Cannabis workers ratify union contract
By TOM BODUS
Editor in Chief
IMPERIAL – This city’s retail cannabis outlet is officially a union shop.
March and Ash issued a release Monday that employees at three of its four locations in San Diego and Imperial counties ratified their first-ever union contract on May 12.
The agreement between March and Ash and the United Food and Commercial Workers Local 135 follows two years of organizing and negotiations between the two parties. The contract covers more than 140 of the company’s employees.
The affected locations are March and Ash retail outlets in the City Heights community of San Diego, the city of Vista and the city of Imperial. The City Heights and Imperial locations offer recreational cannabis products, while the Vista location is medicinal only.
“We believe this contract sets the gold standard in the unionized cannabis industry and will be used as a model in future negotiations with companies whose employees choose to go union,” March and Ash said in a release.
“This contract will create career jobs and promote an industry-setting standard that is needed to ensure that cannabis workers are accepted and valued,” said Todd Walters, president of UFCW Local 135. “This industry-leading contract will create a new model for March and Ash employees, and other members of the industry, by providing training, educational opportunities, childcare and more. We are proud of the work effort put in, and are honored to have delivered a contract worthy of these cannabis workers.”
California cannabis businesses must sign a Labor Peace Agreement, which provides a commitment from operators to allow unions to discuss the prospect of unionizing with employees, March and Ash spokeswoman Jessica Bradford said.
This does not, however, mean that most cannabis employees are unionized, she added. “This is the first union-organizing and labor contract to originate in the city of San Diego, for example, where there are 24 cannabis retail outlets.”
Bradford said labor is making a push to move from labor peace agreements to unionizing across the state.
“For our purposes,” she continued, “we worked locally with the UFCW so that we had an open and cooperative process around understanding what organizing and a labor contract would mean for our employees, the company and the industry, as the UFCW moved through the three stages of talking to our employees under a labor peace agreement, to organizing our employees, to negotiating a labor contract with us. We’re proud that this was done openly and in good faith, and mostly that it was done here in San Diego and Imperial counties.”
Early on, Bradford said, March and Ash was asked to join a labor deal from Los Angeles. The company declined.
“That did not interest us,” said March and Ash General Counsel Breton Peace. “This is a new industry with radically different approaches between municipalities, and we are closely held. Our partners live in San Diego and Imperial counties. We are not a publicly listed company based in another country, or an online delivery service.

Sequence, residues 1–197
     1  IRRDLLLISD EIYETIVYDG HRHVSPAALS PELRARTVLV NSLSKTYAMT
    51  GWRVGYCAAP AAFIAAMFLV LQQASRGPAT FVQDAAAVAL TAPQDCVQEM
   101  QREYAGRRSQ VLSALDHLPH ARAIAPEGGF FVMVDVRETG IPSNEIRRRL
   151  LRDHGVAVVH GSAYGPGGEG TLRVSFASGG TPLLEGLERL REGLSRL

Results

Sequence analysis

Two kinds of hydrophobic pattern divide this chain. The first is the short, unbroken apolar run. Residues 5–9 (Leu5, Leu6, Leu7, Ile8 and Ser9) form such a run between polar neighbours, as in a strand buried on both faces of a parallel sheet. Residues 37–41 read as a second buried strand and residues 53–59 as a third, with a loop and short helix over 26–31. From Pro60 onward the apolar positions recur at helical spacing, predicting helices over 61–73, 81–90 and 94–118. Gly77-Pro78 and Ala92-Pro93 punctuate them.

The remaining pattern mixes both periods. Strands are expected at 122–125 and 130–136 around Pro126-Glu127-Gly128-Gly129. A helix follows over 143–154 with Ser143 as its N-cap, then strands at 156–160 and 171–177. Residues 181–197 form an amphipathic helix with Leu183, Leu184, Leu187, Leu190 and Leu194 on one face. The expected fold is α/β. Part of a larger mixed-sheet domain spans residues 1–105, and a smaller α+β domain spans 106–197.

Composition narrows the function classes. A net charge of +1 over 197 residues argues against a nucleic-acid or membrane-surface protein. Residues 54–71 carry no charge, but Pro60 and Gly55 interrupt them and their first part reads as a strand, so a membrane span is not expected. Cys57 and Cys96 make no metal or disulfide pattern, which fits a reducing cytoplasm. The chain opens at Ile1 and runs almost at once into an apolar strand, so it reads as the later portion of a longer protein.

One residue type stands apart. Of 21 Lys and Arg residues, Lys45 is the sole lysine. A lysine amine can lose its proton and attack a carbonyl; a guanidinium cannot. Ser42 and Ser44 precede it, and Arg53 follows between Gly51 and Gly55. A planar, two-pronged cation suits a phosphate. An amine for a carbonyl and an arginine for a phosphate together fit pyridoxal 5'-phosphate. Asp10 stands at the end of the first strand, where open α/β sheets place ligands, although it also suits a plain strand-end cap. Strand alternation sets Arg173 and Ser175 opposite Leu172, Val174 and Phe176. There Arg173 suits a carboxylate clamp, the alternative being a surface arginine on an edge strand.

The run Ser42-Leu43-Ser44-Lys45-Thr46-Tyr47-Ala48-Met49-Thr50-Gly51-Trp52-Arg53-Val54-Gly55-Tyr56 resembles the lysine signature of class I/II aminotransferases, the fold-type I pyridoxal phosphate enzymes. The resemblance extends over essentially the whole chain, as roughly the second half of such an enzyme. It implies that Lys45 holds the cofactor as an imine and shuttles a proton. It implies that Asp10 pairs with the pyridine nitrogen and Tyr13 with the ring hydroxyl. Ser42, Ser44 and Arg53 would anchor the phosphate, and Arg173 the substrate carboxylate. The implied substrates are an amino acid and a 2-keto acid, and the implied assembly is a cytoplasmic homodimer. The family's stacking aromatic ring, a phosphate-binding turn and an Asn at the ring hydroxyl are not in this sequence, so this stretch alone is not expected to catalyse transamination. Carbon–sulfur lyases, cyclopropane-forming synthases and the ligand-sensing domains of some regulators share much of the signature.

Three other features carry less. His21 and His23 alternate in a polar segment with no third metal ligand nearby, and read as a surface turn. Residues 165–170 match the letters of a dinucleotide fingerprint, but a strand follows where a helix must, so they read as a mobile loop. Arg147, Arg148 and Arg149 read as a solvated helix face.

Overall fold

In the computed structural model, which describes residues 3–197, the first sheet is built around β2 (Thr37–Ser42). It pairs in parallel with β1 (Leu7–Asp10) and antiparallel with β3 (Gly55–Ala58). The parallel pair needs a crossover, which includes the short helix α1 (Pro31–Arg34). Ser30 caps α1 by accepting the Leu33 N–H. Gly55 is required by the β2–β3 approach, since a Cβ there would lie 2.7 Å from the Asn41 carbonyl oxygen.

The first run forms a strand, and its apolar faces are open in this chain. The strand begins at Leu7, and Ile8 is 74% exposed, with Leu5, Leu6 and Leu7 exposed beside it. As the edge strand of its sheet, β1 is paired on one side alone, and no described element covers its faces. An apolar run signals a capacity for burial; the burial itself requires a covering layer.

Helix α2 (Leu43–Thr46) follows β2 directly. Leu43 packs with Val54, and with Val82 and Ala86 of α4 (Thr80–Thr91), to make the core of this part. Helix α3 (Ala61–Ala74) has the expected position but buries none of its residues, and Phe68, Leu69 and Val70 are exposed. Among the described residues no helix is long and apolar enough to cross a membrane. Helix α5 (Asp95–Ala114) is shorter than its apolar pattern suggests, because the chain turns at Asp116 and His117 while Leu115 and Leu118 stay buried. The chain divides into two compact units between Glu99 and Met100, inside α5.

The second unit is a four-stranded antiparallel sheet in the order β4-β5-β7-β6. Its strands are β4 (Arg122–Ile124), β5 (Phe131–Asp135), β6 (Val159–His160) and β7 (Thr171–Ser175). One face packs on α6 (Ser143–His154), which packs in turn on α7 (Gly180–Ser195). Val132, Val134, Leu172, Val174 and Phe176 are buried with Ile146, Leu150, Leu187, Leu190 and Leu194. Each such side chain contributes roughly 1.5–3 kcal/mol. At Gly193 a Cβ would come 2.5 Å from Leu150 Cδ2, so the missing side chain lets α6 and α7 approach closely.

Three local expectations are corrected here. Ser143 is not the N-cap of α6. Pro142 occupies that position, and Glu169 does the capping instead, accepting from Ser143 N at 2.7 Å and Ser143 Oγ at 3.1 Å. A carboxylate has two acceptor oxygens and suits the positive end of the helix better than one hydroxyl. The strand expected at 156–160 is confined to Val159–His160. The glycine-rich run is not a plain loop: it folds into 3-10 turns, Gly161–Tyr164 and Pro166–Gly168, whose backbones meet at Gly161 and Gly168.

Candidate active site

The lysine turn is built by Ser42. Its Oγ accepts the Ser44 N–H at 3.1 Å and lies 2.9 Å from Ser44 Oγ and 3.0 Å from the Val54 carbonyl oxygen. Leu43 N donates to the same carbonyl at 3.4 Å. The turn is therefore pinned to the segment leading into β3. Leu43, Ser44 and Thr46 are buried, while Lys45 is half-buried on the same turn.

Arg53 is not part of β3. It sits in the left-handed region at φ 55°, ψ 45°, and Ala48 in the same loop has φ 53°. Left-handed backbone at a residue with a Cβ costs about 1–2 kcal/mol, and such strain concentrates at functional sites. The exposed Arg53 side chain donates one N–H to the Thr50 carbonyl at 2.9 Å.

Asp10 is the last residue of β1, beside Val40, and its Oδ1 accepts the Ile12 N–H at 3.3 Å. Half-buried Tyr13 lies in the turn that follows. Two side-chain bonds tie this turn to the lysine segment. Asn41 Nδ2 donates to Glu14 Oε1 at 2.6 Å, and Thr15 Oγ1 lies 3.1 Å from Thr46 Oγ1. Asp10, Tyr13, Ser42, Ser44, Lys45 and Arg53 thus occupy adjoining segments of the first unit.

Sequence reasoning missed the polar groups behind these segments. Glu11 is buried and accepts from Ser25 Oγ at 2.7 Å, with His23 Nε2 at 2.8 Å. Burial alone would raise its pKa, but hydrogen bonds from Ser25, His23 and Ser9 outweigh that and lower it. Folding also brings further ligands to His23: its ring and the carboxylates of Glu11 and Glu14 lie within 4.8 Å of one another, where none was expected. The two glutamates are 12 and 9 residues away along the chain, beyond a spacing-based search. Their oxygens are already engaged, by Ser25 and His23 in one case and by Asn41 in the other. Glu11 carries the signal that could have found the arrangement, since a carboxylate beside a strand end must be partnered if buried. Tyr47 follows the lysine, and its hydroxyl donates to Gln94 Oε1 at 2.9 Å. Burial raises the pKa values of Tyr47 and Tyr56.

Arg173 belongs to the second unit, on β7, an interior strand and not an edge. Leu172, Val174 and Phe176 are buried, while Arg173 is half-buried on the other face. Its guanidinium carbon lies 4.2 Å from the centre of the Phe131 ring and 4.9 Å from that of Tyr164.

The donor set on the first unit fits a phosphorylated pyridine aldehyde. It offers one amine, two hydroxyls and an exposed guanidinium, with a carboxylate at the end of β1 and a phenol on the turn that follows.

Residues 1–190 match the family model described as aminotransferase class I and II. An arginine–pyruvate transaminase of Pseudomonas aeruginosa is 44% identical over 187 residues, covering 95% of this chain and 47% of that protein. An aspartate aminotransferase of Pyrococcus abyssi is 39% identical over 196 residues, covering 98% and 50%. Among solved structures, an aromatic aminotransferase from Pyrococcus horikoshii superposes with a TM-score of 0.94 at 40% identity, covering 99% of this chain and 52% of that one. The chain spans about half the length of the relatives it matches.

“It was important to us that we broke apart old models and crafted something that worked for our company, our staff and the communities we serve,” he continued, “proving that we can uphold and support the places we live by delivering a contract that is rooted in our workforce and local economy.”
Bradford said the main hurdle the union faced was clearing up confusion among the employees as to what exactly the contract did for them.
“This is a new industry that until a few years ago operated in the shadows,” she said. “Understanding the purpose of a union and why it mattered to the employees took time and was ultimately successful as a result of trust building and effective communication.”
“We took the time to understand what it is our employees need and want,” Peace said. “Healthcare benefits, subsidized childcare in an industry with many young single- or co-parent arrangements, and participation in the upside, so that being a part of our company is a career one would be proud of. That is what we found to be most important to our employees. We then worked with our partners at the UFCW to take that risk in doing something different and new.”
With the addition of the three March and Ash locations, UFCW Local 135 said it now has three cannabis companies with a total of six locations under its jurisdiction.
“The March and Ash responsible adult use model is rooted in respect for the community, including the people who did not vote to legalize cannabis,” Peace said. “We’re well aware that we can only deliver on that promise through our employees.”